November 3rd, 2021

The Phanatic’s Day in Court: Analyzing the Intellectual Property Issues Involved

            If you are a resident of the Lehigh Valley, the Greater Philadelphia area, or just a baseball fan in general, then you know all about who the Philly Phanatic is. You know he is that big green furry monster that hangs out in Ashburn Alley or on top of the dugout at Citizens Bank Park during the Phillies’ season. The Phanatic is perhaps the most popular immigrant from the Galapagos Island in America; he tends to steal the show at home games, but that also may be because the Phillies don’t put on much of a show, to begin with. Now, through no fault of his own, the Galapagos Island native found himself in some hot water: a copyright infringement lawsuit. That’s right, the Phanatic was the subject of a recent United States District Court decision out of the Southern District of New York. Let’s review what happened:

            The Phanatic has been a part of the Phillies organization since 1978 when Bill Giles (a former executive with the team) created the mascot. Giles worked with Harrison/Erickson, Inc., a design and merchandising firm specializing in character design, to develop the mascot’s costume before it was first brought to light in the late 1970s. In the 1980s, as the Phillies began using the Phanatic’s image and likeness for merchandise, the team paid Harrison/Erickson $215,000 to assign all of their rights in the Phanatic to the Phillies forever. Harrison/Erickson thereby sold, transferred, and assigned all rights in the mascot to the Phillies for good!

            Fast forward over thirty years later, the Phillies received a June 1, 2018 letter from Harrison/Erickson stating that it is the true creator of the Phanatic and can terminate its rights at any time following July of 2020. The Phillies then stepped up to the plate: they retained counsel, filed suit against Harrison/Erickson in federal court, and brought several claims against the company. These claims included: 1) a violation of the Federal Copyright Act; 2) unjust enrichment in negotiating a new contract with Harrison/Erickson; and 3) a derivative works exception under copyright law to claim protection of Phanatic-inspired products sold by the team. Most importantly, however, the Phillies sought an order to allow them to keep using the Philly Phanatic as their team mascot.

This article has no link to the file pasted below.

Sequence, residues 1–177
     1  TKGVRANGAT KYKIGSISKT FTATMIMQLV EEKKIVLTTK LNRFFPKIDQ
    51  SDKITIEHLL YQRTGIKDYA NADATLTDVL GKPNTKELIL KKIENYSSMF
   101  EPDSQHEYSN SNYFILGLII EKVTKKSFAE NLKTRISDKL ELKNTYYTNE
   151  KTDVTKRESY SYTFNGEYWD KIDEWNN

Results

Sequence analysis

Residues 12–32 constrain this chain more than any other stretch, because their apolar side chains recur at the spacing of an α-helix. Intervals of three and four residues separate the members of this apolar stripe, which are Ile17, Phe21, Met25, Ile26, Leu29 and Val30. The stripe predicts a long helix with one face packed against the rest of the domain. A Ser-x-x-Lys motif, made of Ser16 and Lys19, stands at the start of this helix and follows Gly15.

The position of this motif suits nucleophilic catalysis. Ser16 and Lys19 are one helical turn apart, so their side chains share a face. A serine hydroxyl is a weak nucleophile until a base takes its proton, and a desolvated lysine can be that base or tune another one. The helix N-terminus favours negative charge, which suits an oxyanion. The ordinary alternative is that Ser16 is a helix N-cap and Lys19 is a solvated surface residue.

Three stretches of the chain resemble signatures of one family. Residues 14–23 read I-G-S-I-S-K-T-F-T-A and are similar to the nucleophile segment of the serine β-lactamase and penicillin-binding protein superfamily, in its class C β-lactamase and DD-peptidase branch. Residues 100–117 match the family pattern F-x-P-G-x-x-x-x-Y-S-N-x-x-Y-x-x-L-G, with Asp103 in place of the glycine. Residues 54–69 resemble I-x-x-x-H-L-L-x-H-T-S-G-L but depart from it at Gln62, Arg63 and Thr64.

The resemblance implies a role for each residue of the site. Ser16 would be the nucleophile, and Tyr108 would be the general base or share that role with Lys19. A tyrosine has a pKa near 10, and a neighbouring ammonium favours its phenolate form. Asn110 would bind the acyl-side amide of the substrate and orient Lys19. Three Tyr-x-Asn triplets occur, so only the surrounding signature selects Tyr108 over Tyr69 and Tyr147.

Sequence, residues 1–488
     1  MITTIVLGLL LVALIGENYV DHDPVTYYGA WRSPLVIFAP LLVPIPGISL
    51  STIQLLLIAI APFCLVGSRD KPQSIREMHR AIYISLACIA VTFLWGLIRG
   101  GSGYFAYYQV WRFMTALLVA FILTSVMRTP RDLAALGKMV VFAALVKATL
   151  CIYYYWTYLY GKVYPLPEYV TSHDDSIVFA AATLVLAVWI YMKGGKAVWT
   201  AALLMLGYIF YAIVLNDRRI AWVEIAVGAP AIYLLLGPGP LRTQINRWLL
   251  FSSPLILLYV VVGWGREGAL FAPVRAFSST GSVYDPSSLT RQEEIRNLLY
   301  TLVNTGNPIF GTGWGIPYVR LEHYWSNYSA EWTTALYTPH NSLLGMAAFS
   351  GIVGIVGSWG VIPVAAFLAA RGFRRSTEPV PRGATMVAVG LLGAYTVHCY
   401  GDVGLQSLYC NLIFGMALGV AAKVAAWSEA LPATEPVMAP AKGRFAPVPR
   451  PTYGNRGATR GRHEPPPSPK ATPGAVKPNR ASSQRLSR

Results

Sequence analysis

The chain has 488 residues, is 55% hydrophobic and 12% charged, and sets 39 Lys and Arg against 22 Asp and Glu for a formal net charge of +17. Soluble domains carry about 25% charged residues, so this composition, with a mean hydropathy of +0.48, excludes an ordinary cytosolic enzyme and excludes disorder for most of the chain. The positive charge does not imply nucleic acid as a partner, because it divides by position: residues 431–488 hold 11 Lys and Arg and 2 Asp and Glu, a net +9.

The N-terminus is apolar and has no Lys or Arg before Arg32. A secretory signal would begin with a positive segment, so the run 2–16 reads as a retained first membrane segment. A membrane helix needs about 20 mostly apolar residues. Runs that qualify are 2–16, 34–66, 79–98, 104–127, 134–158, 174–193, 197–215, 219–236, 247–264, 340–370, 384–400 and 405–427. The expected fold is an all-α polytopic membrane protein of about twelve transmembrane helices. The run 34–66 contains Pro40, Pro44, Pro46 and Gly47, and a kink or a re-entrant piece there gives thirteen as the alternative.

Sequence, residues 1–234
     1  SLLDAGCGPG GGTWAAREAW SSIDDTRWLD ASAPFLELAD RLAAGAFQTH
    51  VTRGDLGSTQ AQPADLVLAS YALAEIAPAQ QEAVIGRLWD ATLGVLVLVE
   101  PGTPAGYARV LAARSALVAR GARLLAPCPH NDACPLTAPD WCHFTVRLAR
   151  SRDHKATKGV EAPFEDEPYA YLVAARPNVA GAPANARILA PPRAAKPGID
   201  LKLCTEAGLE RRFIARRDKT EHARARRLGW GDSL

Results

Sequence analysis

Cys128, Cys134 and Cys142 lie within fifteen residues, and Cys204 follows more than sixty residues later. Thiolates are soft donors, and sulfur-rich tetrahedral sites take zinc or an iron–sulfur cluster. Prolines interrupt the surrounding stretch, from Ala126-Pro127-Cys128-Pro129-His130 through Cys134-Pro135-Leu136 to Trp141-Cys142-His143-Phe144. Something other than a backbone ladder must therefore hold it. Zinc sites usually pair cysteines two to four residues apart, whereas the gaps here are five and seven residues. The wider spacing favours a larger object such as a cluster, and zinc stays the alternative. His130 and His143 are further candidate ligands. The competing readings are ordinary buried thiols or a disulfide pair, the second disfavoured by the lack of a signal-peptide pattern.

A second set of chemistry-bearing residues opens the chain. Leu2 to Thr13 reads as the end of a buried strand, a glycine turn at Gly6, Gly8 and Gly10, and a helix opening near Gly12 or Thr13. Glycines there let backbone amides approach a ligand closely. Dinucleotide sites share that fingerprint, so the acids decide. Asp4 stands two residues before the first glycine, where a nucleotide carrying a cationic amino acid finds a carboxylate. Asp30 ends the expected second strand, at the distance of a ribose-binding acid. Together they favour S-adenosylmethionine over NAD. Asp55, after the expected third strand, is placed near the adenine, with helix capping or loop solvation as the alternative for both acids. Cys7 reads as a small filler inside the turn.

Luckily, the team was successful. On August 10, 2021, the Honorable Victor Marrero issued a report from United States Magistrate Judge Sarah Netburn allowing the Phillies to continue using the Phanatic, but only with its redesigns as of July 2020. In the midst of the legal dispute, the Phillies decided to tweak the image of the Phanatic to satisfy Harrison/Erickson and comply with federal copyright law. Although the tweaks were minor (a blue tail, different shoes, eyelashes, etc.) and the Phanatic was easily recognizable, it appears that satisfied the court. Regarding the satisfaction of the changes to federal copyright law, Judge Netburn noted:

            “The changes to the structural shape of the Phanatic are no great strokes of brilliance, but as the Supreme Court has already noted, a compilation of minimally creative elements, ‘no matter how crude, humble or obvious,’ can render a work a derivative,” and is thus protected.

            Alas, it appears the redesigned Philly Phanatic will still be roaming the aisles of Citizens Bank Park for years to come. The federal court’s report goes to show how the simple creation of new work can be considered novel and escape the claws of federal copyright law scrutiny. Additionally, the outcome of this dispute highlights the importance of retaining counsel for all matters involving intellectual property. Whether a copyright, trademark, patent, trade secret, etc. is involved, it is always good practice to have experienced lawyers guiding you on building your creations. Had the Phillies retained counsel on this topic before receiving the June 1, 2018, Harrison/Erickson letter, they might have been able to wholly escape costly litigation and keep the Phanatic on the field, instead of in the courtroom. Contact a lawyer at Gross McGinley, LLP today for your intellectual property matters!

 


Michael Horvath serves on the firms Business Services Team helping business owners navigate local municipal and real estate laws.